When the term “dropout” appears, we usually think of students who leave school before graduating. The nation is rightly concerned about our high student dropout rate. But there is another dropout rate that plagues education. It is the dropout rate for teachers. Within five years of starting their careers, almost 20% leave the profession. The percentage is even higher in poor, urban schools—where the losses are 50% higher than in more affluent schools.
The losses extend beyond those active in the profession. Fewer graduates are planning to enter teaching. For example, in 2001, 77,700 graduates were enrolled in teaching programs in California. By 2012, that number had dropped to 19,933.
Many factors have led to this bleak situation. Teachers regularly cite long hours and low pay as contributing to their dissatisfaction. American teachers have heavier teaching loads than educators in many other countries and very few hours(three to five in most schools) for learning and leadership. By contrast, teachers in Finland, Singapore and South Korea spend from 15 to 25 hours each week working to improve their craft.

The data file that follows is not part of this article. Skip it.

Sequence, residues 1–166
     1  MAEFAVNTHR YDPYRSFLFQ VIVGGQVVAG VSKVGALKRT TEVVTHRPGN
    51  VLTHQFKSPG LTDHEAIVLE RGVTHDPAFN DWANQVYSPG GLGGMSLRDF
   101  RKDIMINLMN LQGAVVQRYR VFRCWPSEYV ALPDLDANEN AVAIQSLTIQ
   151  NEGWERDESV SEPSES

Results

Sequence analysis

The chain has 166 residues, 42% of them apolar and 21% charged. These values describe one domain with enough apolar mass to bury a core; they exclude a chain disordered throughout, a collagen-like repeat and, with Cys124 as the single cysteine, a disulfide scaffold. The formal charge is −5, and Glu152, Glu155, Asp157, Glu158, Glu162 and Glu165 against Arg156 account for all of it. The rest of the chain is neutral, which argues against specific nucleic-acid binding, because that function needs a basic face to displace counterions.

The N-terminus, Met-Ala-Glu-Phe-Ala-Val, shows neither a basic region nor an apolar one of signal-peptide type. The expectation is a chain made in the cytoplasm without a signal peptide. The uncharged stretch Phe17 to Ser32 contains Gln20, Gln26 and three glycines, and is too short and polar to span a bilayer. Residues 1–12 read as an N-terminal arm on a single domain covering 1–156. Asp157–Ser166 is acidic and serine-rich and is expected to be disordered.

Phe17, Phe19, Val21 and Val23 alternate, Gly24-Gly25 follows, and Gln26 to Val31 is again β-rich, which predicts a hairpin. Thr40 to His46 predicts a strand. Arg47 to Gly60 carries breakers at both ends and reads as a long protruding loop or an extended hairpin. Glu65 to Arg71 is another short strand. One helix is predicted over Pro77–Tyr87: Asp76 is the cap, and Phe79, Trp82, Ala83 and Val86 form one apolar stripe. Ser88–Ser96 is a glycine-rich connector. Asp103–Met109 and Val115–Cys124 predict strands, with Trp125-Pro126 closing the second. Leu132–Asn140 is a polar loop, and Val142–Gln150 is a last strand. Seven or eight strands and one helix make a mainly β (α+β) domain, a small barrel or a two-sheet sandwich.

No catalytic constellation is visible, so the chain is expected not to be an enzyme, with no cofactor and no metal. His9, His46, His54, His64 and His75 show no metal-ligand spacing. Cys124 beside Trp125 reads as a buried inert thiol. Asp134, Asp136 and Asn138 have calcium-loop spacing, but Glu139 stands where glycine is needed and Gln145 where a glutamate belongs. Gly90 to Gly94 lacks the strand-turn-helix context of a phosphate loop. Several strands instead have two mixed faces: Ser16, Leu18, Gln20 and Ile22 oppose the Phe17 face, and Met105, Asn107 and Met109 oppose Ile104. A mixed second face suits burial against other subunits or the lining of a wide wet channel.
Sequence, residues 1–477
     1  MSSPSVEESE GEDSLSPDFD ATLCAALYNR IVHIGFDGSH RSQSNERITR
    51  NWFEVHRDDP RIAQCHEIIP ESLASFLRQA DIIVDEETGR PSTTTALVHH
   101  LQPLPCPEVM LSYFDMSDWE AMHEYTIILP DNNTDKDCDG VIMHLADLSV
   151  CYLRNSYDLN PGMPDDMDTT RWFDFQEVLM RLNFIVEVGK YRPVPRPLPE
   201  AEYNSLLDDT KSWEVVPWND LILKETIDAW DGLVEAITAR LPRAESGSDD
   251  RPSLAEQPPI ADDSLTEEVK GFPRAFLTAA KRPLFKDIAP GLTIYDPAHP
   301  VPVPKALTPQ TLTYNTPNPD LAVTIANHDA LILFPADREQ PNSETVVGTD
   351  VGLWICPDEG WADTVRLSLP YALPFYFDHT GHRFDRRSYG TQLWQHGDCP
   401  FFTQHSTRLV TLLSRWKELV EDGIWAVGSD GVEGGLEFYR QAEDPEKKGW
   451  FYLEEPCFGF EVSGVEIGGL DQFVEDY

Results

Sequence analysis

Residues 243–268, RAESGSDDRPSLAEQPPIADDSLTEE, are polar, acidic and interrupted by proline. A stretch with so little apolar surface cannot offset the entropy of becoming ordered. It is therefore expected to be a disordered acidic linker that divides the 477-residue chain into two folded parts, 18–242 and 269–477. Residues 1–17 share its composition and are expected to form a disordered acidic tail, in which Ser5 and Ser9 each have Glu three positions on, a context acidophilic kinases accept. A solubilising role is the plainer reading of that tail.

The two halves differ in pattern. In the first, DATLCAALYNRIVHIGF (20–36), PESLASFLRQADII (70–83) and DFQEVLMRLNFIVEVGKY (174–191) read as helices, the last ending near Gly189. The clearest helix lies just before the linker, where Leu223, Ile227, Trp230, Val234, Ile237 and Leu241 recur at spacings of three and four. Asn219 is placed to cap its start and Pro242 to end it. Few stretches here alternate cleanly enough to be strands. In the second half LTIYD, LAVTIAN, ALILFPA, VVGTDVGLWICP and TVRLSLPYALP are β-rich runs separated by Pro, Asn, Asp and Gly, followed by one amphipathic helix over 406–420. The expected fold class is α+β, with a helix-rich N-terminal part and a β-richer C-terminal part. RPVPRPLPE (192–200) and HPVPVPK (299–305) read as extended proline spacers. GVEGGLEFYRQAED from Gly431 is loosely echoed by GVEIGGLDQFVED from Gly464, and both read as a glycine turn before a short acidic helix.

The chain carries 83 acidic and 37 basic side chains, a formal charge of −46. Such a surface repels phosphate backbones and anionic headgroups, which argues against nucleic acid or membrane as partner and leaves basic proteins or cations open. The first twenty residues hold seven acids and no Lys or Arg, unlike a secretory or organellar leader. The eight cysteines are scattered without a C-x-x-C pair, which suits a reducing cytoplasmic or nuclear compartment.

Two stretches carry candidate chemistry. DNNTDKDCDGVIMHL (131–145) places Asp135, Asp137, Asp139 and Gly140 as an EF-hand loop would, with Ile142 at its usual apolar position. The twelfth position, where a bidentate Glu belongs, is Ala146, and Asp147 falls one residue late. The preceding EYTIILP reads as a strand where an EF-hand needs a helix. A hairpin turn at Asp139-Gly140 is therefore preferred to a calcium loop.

Another significant factor in the dropout rate involves teachers having little say over key decisions affecting classrooms. Their workload is steadily increased by rules and regulations that are imposed upon them such as the onerous demands of the Common Core standards that have been adopted by many states. Similarly, under the No Child Left Behind Act, the focus and resources went to building up external accountability systems, tests and teacher evaluation forms. In other words, the demands on teachers were once again increased, while providing little of the professional support they need.
There is an interesting case in San Francisco where an urban, low-income school achieved significant positive changes. After trying, and failing, with a tough approach of mass staff firings and tight accountability measures, the administrators tried supporting teachers. They implemented measures such as paying them for cooperatively planning lessons, designing assessments to gauge student skills and then adjusting instruction and analyzing videos to determine what kind of teaching led to greater success. The result was that teacher morale and retention rates went up and student achievement rates went up as well. The graduation rate went from among the lowest in the district, at 60%, to 82%.
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